• Wearing workout clothing suited to hot or cold weather
  • Using numbing spray
  • Taking baths and showers with cold or warm water instead of hot water
  • Avoid  excessive sun exposure
  • Exercising during the coolest part of the day

Treatment and home remedies

Some of the home remedies one can use for runner’s itch are:

  • Take a warm bath with oatmeal, Epsom  salts, or baking soda
  • Apply aloe vera gel, hydrocortisone cream, or a cold compress to the area of itchiness
  •  Wearing compression stockings and elevate  the legs   for 15 minutes a few times per day to improve leg circulation

When to seek medical attention

Usually the runner’s itch subsides on its own, but if the symptoms continue and start getting worse then one should seek medical attention.

And if the itchiness is accompanied by dizziness, lightheadedness, difficulty breathing, and hives that occur along with severe pain, stinging, or burning and don't subside within 10 minutes, then one should reach out to the doctors for further examinations to rule out the cause.


This article has reviewed the definition of runner’s itch, its symptoms, causes, risk factors, prevention's, home remedies, and the condition fo r which one has to seek medical attention. Now it’s easy to understand that the runner’s itch is a condition that leads to itching of areas like legs and stomach more commonly. Many causes contribute  to the runner’s itch, more common  being irregular exercise routine leading to increased blood flow in the affected area, resulting in rhe  body being unable to  hold the fluid? and lead to a vascular reaction that is runner’s itch.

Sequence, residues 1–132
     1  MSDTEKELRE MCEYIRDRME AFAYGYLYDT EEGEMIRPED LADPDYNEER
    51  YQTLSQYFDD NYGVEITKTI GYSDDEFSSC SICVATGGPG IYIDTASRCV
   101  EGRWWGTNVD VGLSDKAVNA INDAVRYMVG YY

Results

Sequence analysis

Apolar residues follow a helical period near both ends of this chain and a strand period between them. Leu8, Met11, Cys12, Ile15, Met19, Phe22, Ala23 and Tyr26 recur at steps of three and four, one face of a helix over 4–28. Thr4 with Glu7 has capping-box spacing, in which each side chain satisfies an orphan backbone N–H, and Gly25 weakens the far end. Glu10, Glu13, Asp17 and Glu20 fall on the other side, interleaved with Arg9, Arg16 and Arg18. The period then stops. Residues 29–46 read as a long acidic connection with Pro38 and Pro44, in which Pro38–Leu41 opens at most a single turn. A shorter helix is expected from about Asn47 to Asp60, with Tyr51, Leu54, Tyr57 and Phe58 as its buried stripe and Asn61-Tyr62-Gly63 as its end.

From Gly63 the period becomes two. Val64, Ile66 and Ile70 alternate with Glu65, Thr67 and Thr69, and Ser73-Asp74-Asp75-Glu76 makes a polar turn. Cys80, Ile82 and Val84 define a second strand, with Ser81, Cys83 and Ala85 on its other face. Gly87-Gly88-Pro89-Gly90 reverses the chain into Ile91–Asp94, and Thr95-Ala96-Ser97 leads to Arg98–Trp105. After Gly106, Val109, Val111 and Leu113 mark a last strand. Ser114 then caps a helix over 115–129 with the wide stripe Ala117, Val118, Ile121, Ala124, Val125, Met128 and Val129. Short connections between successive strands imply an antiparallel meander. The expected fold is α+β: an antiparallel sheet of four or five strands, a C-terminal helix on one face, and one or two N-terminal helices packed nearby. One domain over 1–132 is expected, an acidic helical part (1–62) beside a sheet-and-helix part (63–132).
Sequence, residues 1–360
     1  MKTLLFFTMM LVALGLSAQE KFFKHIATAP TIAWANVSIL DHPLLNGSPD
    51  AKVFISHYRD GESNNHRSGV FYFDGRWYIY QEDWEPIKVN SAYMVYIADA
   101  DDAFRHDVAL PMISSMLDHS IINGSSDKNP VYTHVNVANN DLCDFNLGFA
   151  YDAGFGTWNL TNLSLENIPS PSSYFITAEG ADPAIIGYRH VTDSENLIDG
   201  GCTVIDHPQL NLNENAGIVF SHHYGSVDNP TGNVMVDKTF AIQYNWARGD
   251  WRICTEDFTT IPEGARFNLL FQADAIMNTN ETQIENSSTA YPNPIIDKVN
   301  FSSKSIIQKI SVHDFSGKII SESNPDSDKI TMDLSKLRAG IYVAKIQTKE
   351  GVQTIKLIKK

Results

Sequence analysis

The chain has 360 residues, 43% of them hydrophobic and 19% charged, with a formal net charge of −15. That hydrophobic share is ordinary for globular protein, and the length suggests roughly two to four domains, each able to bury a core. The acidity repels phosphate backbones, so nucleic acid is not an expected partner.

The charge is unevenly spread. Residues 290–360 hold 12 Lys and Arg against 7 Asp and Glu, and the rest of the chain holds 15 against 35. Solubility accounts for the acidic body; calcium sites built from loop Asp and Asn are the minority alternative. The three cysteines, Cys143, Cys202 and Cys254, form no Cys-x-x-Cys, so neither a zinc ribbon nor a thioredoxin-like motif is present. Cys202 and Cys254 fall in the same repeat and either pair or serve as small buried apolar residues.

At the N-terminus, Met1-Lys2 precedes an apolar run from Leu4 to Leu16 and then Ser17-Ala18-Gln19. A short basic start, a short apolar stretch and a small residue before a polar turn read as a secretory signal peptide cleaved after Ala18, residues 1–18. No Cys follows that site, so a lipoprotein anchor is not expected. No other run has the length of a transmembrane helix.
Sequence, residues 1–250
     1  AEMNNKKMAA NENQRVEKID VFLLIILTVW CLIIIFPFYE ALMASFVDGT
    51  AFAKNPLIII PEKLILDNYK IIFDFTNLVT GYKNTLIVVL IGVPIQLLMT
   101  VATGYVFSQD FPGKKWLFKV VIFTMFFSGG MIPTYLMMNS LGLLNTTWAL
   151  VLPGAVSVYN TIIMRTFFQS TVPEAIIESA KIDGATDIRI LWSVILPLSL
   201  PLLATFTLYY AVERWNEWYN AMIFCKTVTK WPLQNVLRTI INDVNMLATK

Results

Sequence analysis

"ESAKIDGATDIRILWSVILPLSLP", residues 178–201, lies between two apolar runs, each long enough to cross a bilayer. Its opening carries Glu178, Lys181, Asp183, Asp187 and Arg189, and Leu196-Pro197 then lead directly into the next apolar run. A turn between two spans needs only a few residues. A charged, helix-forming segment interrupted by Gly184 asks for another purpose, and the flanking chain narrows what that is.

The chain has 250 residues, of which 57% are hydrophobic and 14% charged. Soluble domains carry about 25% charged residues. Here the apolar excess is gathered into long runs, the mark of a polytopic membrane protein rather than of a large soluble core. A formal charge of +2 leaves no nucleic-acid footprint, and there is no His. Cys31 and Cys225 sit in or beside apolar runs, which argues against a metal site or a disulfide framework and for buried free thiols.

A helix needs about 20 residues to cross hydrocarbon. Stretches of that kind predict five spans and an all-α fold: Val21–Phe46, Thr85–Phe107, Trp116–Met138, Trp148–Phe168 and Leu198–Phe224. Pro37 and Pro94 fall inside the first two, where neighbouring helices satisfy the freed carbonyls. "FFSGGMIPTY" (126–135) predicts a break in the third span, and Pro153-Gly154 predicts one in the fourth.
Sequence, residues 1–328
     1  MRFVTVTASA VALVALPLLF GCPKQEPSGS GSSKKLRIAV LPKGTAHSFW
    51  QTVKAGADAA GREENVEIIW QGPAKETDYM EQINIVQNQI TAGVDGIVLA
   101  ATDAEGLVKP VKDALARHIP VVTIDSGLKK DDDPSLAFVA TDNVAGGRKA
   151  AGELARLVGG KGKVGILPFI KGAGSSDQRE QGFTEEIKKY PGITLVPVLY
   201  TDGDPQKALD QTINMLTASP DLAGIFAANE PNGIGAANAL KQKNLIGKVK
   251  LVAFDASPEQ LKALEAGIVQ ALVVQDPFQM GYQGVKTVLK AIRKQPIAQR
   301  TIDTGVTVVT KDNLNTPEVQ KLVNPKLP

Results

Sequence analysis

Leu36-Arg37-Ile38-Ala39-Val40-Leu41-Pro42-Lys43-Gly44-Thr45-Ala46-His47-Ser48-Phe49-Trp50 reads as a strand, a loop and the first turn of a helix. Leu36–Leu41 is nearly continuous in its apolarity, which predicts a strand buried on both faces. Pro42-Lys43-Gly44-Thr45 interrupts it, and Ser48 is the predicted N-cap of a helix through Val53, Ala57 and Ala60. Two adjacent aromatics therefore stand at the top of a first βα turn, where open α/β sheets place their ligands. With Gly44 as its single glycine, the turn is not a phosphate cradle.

Sweating, heat and humidity, tight clothing, dry skin, and sensitive skin are some of the potential risk factors for the runner’s itch. The runner’s itch can’t be prevented completely but one can reduce its breakout by maintaining a routine of regular running and exercise, by making a journal to note the food and drinks that act as triggering factors for runner’s itch, such as certain food and drinks should not be taken alongside, and thus should be avoided before exercise. 

In case of a severe runner’s itch condition, one should have a prescription for  epinephrine auto- injector (EpiPen). Other prevention that one can take to reduce the breakout of a runner’s itch is by using a numbing spray, doing exercise in the coolest part of the day, wearing clothes suitable for both hot and cold weather, avoiding  excessive sun exposure, taking  a bath with warm or cold water instead of hot water. 

Mostly the runner’s itch subsides on its own by following some of the easy home remedies like a warm bath with Epsom salts, baking soda, or oatmeal. Wearing compression stockings  and elevating legs for 15 minutes a few times a day can also be done. One should apply hydrocortisone creams, aloe vera gel, or a cold compress to  the affected area. But if the symptoms don't subside and are joined by dizziness, lightheadedness, difficulty in breathing, and hives that occur along with severe pain and stinging or burning sensation for more than 10 minutes, then one should see doctors for further examinations and tests to reach out to all the possible causes.


  1. ‘Scratching for Answers About Runner’s Itch’. Cleveland Clinic, 26 Nov. 2022,
  2. Runner’s Itch: Causes and Treatments’. Healthline, 9 Feb. 2021,
  3. Runner’s Itch: Why You Have It And How To Get Rid Of It. 31 Mar. 2021,
This content is purely informational and isn’t medical guidance. It shouldn’t replace professional medical counsel. Always consult your physician regarding treatment risks and benefits. See our editorial standards for more details.

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Akanksha Suryvanshi

Bachelor of Dental Surgery- BDS, Ahmedabad Dental, College and Hospital, India

Dr. Akanksha is a general dentist with over 1 year of experience children and adults to promote healthy dental habits. She is going to start her Master of Science in Clinical Epidemiology from Kent State University, Ohio, USA. She also has research experience. And currently also work as medical writer for Klarity to write medical articles for spreading awareness and also for providing health benefit knowledge to the community.